How Reaching Home Funding Can Help Your Community Find Solutions to Address Homelessness

Homelessness in rural areas is on the rise and many communities are facing the challenge of supporting community members in need with limited resources and funds. “A lot of people think homelessness only exists in urban centers but recent research from Dr. Rebecca Schiff provides evidence that rural homelessness is not only prevalent, but in fact occurring at per capita rates that are greater than some urban centres,” explains Sydney Stenekes, Director of Homelessness Initiatives at the Rural Development Network (RDN). 

This is where Reaching Home funding comes in to benefit communities. Often, rural communities need to develop new programs, shelters, and food bank services to support those in need - but have limited access to the funding needed. 

“People who are experiencing or at risk of homelessness shouldn’t have to leave their home community to access support in urban centers. We believe in developing and investing in housing and services in smaller communities so folks don’t have to leave their communities and social networks to access supports and appropriate housing,” declares Sydney. 

What is Reaching Home funding? 

“The Reaching Home project is part of the Federal Government’s Homelessness Strategy that distributes funding to rural, remote, and Indigenous communities in Alberta, aimed at reducing and preventing homelessness across Canada,” Sydney explained.

The Reaching Home funding gets distributed to Alberta’s rural areas outside the seven major cities to support homelessness prevention and reduction. The Rural Development Network has been distributing funding for over 10 years to local organizations, municipalities, FCSS’s, Indigenous organizations, First Nations, and Métis communities across rural and remote Alberta.

How does the application process work? 

The Reaching Home project strives to simplify the otherwise overwhelming process of applying for funds by making it as flexible as possible to suit and address the community’s needs. 

According to Sydney, funds have supported innovative community driven solutions ranging from short-term immediate support to longer-term housing projects. As part of our organization’s commitment to reconciliation, the Reaching Home team has also been focusing on ways to ensure the application is more accessible to Indigenous communities and organizations. 

Working alongside RDN’s Indigenous Liaison, Emele Neufeld and informed by feedback gathered from Indigenous partners and projects, the Reaching Home team revised the application process in 2022. The goal was to reduce barriers for Indigenous communities interested in applying for and accessing Reaching Home funding through offering culturally appropriate application and reporting methods and respecting Indigenous peoples’ oral traditions." Recognizing that this is an important first step, the team acknowledges there is more work to be done and is committed to working towards decolonizing their approach to administering funding.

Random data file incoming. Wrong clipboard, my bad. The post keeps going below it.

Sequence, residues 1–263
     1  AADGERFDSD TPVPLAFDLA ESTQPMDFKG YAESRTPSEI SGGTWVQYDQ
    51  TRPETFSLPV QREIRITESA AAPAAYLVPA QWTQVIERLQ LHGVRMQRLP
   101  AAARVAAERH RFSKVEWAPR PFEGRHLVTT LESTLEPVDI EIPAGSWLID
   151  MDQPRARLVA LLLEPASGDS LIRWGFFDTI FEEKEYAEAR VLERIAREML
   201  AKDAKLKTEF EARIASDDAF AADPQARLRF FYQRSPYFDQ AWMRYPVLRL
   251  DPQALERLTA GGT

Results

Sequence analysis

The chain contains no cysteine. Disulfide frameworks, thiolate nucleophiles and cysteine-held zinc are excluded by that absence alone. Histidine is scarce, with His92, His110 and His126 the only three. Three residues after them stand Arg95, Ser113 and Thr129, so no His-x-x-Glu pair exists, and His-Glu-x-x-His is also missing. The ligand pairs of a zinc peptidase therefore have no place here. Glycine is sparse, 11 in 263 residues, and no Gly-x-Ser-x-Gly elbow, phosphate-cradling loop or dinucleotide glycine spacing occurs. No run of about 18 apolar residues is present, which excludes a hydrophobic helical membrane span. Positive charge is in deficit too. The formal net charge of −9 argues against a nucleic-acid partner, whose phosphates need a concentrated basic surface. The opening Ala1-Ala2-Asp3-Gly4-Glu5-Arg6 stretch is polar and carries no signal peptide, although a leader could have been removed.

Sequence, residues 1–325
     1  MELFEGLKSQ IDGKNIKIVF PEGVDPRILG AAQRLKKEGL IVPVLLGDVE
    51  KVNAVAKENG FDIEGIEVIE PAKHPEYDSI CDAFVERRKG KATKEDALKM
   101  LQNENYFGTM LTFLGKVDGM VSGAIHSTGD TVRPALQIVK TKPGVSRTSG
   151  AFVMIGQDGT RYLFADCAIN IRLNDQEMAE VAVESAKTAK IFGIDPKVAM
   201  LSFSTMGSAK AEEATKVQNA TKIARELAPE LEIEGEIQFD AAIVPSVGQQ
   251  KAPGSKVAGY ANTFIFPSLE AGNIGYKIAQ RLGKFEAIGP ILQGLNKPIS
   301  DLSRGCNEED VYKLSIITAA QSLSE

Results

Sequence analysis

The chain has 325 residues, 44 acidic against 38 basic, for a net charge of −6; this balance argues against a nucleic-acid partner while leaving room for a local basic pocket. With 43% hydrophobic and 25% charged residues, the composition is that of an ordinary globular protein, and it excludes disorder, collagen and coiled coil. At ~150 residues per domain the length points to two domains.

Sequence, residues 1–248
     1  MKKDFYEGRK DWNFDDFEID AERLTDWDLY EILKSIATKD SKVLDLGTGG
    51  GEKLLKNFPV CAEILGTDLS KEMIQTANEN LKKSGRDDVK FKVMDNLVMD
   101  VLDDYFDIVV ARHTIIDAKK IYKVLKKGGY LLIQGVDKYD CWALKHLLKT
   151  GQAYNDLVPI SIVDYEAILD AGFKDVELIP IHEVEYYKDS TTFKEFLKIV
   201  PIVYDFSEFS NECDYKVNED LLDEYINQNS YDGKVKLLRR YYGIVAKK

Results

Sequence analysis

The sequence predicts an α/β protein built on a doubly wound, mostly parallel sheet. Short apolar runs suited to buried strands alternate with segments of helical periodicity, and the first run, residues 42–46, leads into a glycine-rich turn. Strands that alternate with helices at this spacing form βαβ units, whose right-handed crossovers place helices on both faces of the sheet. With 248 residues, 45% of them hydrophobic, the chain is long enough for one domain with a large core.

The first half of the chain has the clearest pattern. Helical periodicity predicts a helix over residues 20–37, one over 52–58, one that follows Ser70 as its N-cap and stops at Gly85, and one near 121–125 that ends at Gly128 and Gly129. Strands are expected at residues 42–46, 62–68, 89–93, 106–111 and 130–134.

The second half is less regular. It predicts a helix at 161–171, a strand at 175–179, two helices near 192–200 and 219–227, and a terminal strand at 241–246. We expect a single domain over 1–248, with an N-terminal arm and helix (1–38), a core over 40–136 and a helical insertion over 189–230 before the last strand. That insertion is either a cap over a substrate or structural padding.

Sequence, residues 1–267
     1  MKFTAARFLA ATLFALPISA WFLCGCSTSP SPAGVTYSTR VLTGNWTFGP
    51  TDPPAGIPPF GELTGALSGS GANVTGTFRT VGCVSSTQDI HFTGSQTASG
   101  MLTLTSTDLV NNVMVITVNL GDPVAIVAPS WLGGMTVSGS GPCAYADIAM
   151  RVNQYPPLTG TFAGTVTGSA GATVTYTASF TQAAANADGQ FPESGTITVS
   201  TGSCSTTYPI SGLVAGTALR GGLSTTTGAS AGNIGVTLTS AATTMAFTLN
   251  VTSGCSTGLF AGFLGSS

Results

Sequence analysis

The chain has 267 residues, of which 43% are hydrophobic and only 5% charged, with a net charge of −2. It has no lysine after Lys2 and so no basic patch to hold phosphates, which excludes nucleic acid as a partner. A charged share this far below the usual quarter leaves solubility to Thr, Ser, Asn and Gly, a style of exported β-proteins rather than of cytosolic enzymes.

After applications have been submitted by rural, remote and Indigenous communities and organizations in Alberta, Sydney and her team present projects to the Regional Advisory Board, who are responsible for making decisions related to the funding. 

“There are currently nine members on the board representing various rural, remote and Indigenous communities and positions in the housing & homelessness sector who bring their expertise to the table and are tasked with the difficult decisions on which projects receive funding,” Sydney explained.

Sydney also reiterated that even if a community is not successful with their application, her team’s intentions are to provide feedback to assist with future applications and offer to work with the community to support them with coordinating responses to homelessness, accessing alternative funding and connecting them to relevant resources. Recognizing that homelessness is a shared responsibility, Sydney and her team are consistently advocating for increased funding at various government levels to support the growing need to respond to rural homelessness. 

Top 5 types of projects Reaching Home has funded to date

The Reaching Home team encourages applicants to be as creative as needed to address homelessness in their community. So far the top five projects that have been funded include the following:

  • Capital costs associated with developing transitional and/or permanent supportive housing in rural communities, First Nations, and Métis settlements.
  • Funding for housing support workers and outreach workers to assist folks experiencing or at risk of homelessness access housing and support services.
  • Shelter pods (an alternative model for providing emergency shelter) have been placed in Edson, Drayton Valley and a First Nation community on reserve.
  • Operational costs associated with temporary emergency mat programs and shelters.
  • Data collection efforts to better understand community needs and inform responses to homelessness. 

Project Outcomes

In 2022-2023, Reaching Home Supported 

  • 53 Projects in 40 Communities 
  • 1000s of rural shelter beds 
  • 265 people across 11 projects were placed into housing 
  • 226 people across 15 projects received assistance in order to maintain their housing 
  • 434 people across 12 projects were supported with obtaining income assistance, employment, education, job training and community and social programming 
  • 4 communities developed transitional, permanent supportive and emergency housing, resulting in 49 new beds were created

Applications are now open for 2024-2026! 

All eligible organizations and initiatives are invited and encouraged to apply for funding: Apply today! Have questions or not sure how to get started? Reach out directly to Sydney Stenekes.


Minah Tau